Bottom Line

• HEALTHCARE. Wal-Mart is bringing on the law and lobby firm Covington & Burling to help it with the Defense Department’s Tricare program — a healthcare program for military personnel, military retirees and their dependents. The retail giant covers Tricare prescription plans at its pharmacies and will be lobbying on prescription drug access issues. Last year, Dan Bryant, the head of Covington’s public policy shop, went over to Wal-Mart to lead its global public policy and government affairs team.

• Opioid addiction and dependence is receiving increased attention from congressional policymakers, the executive branch and presidential candidates. Shatterproof, a nonprofit dedicated to ending addiction, has hired K Street advocates to work on its behalf. Law firm Foley Hoag will be addressing the “prescribing guidelines for opioid medications” as written by the Centers for Disease Control and Prevention. Shatterproof’s leadership is comprised of scientific, medical, business and public policy professionals, including former Rep. Patrick Kennedy (D-R.I.), who sits on the board of directors.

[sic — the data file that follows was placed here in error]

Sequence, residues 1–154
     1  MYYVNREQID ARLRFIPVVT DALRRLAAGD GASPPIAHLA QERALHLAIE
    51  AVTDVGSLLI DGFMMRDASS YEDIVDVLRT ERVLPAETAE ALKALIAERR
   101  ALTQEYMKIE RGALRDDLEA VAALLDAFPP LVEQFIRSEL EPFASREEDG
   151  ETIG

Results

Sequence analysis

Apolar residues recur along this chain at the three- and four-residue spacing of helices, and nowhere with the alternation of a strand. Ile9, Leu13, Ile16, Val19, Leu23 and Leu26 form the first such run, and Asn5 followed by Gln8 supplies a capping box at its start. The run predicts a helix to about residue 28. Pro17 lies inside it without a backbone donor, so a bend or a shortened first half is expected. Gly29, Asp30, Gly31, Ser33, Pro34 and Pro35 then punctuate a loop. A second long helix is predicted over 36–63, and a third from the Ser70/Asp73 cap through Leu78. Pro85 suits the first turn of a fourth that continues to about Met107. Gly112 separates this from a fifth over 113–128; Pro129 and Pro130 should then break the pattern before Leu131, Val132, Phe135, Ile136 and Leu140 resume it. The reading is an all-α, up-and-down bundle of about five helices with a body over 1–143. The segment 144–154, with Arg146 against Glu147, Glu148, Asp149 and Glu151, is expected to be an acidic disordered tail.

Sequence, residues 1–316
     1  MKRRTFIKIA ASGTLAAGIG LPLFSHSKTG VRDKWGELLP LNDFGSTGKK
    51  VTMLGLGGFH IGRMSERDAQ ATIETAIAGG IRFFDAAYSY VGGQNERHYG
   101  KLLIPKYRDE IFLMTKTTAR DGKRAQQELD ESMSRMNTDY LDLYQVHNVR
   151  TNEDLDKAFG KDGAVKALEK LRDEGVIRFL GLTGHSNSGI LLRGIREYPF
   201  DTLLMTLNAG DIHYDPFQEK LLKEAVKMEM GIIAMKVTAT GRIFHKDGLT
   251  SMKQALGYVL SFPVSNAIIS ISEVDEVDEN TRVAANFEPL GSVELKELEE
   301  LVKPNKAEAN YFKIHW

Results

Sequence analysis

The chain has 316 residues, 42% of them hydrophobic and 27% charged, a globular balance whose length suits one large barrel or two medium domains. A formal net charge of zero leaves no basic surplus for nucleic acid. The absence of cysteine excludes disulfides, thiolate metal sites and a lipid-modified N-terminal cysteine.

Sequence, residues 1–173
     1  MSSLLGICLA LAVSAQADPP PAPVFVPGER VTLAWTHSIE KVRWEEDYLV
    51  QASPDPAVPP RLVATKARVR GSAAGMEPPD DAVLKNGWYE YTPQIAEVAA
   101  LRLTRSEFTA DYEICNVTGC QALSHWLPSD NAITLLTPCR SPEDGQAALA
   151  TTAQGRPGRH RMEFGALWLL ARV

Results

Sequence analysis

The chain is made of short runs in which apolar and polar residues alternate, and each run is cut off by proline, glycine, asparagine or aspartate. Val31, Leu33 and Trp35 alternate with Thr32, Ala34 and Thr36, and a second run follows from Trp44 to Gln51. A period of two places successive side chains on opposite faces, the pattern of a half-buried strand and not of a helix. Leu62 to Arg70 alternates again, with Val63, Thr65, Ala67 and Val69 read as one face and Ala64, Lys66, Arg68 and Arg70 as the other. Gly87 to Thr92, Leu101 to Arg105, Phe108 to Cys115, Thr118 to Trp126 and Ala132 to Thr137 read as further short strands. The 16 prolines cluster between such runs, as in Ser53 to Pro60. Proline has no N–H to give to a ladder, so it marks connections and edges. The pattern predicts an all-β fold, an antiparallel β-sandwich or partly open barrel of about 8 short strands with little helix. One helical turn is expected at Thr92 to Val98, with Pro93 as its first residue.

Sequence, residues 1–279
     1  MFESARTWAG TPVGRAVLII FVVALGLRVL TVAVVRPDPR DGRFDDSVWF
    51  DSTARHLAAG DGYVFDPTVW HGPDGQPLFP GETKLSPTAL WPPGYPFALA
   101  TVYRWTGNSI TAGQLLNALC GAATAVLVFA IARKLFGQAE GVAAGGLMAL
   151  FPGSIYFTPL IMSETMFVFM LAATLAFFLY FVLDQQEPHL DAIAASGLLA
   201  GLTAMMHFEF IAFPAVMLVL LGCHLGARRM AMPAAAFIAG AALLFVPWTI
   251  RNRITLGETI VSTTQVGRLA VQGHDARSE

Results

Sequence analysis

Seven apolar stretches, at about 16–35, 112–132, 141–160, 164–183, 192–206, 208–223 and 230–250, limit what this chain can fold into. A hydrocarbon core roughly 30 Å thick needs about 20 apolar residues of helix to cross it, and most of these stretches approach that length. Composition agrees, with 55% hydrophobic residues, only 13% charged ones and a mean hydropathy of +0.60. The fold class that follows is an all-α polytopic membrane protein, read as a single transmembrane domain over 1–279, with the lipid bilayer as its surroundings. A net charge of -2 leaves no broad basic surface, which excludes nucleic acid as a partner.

• DEFENSE. Former Rep. Buck McKeon (R-Calif.) is now working for defense contractor General Dynamics on appropriations issues. The work is being done through the former House Armed Services Committee chairman’s lobbying firm, the McKeon Group, which includes McKeon’s former chief of staff, Robert Cochran, and his son, Howard D. McKeon. The firm also works for Aerojet Rocketdyne and the United States Tamil Political Action Council, though General Dynamics is McKeon’s largest defense client yet. Under ethics rules, the former congressman could begin lobbying his former colleagues early this year.

• FOREIGN AFFAIRS. The Turkish Institute for Progress, a United States-based organization that aims to strengthen the relationship between the U.S. and Turkey, hired the firm Mercury Public Affairs to work on its behalf. Last year, it terminated its business relationship with public affairs firm Levick, where former Rep. Connie Mack (R-Fla.) was working on its behalf.